Ghana Politics

E-levy is ‘super regressive;’ it will impose unbearable hardship on Ghanaians – Ato Forson

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The Ranking Member on the Finance Committee in Parliament, Dr. Cassiel Ato Forson, has reiterated concerns made by the Minority on the government’s proposed 1.75% tax on all electronic financial transactions.

According to Mr. Forson, the levy is regressive and would compound the suffering of the masses.

“This is a super regressive tax that will impose unbearable hardship, pain, and suffering on poor Ghanaians. We are aware that most traders and ordinary Ghanaians use Mobile money wallet as savings account, therefore, any attempt to impose a tax on mobile money transactions will be a tax on savings, a disincentive to save, which should never be encouraged,” he said.

While contributing to the debate on the 2022 budget in Parliament on Tuesday, November 23, 2021, Dr. Forson insisted that members on the Minority side will do everything in their powers to reject the proposed levy.

“Mr. Speaker, I beg to say that this e-levy will introduce more inefficiencies in the Ghanaian economy than ever.”

Ato Forson also took on the government, insisting that the Ghanaian economy needs help.

He thus urged the government to seek external help to address the country’s economic challenges.

“Mr. Speaker, we need to make difficult choices in treating this economic malaise. A choice to either treat the illness ourselves with local medication (homegrown policies) or seek the advice of an external medical expert (visit the hospital, IMF). However, the most critical issue is the right medication and the right dosage… If care is not taken, Ghana will be going straight into the Highly Intensive Care Unit (HICU).”

“I would also urge Mr. Minister [of Finance], to ignore the politics and save Ghana by seeking external help through the G20s Common Framework beyond the Debt Service Suspension Initiative (DSSI) in dealing with our debt overhang,” he added.

He also touched on the reversal of the reduction in benchmark values on some imported products and the increment in charges for government services by 15%.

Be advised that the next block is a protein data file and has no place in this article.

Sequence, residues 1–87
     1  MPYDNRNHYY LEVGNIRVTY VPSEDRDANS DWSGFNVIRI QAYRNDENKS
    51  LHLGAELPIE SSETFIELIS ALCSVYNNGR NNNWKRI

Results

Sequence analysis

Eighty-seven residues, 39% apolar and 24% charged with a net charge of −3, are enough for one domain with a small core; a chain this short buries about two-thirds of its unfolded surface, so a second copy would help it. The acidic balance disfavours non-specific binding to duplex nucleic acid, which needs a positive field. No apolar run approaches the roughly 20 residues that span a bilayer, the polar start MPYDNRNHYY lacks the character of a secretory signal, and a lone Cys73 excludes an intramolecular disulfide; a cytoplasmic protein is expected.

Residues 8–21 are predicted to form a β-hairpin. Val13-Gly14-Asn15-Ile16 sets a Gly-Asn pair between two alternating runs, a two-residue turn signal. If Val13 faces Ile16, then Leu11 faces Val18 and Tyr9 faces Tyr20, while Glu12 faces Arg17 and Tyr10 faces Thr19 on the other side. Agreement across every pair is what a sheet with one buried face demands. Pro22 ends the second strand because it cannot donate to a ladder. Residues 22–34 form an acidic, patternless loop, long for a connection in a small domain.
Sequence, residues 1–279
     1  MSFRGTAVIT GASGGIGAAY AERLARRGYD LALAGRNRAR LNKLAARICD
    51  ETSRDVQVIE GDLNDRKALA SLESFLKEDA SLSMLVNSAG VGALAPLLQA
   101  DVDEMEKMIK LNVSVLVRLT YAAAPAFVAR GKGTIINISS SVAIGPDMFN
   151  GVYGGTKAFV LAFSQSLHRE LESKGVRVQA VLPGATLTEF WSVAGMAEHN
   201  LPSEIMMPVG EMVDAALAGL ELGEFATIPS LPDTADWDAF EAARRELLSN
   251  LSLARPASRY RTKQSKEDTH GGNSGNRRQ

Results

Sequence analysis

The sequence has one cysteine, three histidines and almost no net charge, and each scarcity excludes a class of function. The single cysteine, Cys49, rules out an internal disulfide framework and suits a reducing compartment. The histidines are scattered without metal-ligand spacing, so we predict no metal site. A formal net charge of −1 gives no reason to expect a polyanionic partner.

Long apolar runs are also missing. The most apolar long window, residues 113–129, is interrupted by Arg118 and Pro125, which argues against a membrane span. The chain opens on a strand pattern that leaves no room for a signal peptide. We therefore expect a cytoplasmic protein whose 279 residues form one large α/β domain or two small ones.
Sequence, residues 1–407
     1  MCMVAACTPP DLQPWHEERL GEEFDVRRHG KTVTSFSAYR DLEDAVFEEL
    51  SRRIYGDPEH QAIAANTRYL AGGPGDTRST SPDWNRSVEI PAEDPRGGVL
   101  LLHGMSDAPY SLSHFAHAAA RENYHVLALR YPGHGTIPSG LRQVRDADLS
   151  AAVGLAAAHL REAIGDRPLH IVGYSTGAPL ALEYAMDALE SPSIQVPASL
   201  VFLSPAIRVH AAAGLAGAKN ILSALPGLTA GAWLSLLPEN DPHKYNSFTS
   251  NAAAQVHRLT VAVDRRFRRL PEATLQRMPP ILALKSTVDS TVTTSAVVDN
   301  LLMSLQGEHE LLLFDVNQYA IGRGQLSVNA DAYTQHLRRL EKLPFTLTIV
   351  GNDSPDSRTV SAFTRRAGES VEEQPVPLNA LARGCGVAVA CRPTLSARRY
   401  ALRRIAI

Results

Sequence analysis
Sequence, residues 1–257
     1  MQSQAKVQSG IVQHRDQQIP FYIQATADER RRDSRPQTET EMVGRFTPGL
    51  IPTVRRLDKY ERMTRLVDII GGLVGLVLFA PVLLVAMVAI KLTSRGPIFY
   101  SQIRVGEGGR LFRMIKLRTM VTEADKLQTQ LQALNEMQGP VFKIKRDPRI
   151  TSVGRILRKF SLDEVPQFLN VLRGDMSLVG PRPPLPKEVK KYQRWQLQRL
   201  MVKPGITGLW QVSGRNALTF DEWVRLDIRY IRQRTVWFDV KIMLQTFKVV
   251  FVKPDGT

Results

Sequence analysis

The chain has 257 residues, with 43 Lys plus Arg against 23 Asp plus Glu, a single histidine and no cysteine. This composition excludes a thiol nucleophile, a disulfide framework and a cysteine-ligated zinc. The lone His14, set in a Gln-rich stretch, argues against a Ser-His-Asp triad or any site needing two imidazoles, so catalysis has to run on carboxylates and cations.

Dr. Forson argued that the directive could affect the prices of goods and services in the country.

“The government proposes to reintroduce the full benchmark values and increase all public sector service fees and charges by15%. This will be inflationary. These proposed policy measures could increase prices of goods and services by at least 25% – 30%, and further increase the already high cost of living, rising unemployment, and poor economic growth.”

Minority Leader, Haruna Iddrisu had already given the strongest indication that the Caucus will vote against the 1.75% e-levy.

“Our concern is whether the e-levy itself will not be a disincentive to the growth of a digital economy in our country. We are convinced that the e-levy may as well even be a disincentive to investments and private sector development in our country… We in the Minority will not support the government with the introduction of that e-levy. We are unable to build a national consensus on that particular matter,” he said.

Oppong Nkrumah defends 2022 budget
The Minister for Information, Kojo Oppong Nkrumah, also speaking in Parliament, justified the policy proposals in the 2022 budget indicating that particularly, the reversal on benchmark values for selected products is a measure to support Ghanaian industries.

About the proposed e-levy
The 1.75% tax on electronic financial transactions was proposed in the 2022 budget presented to Parliament by the Finance Minister, Ken Ofori-Atta, on Wednesday, November 17, 2021.

The Minister explained that the tax measure was to raise revenue to support job creation initiatives, construction of road infrastructure, cybersecurity, and digital infrastructure.

Ken Ofori-Atta was hopeful that the proposal would come into full force from February 2022.

Credit:Citinewsroom.com

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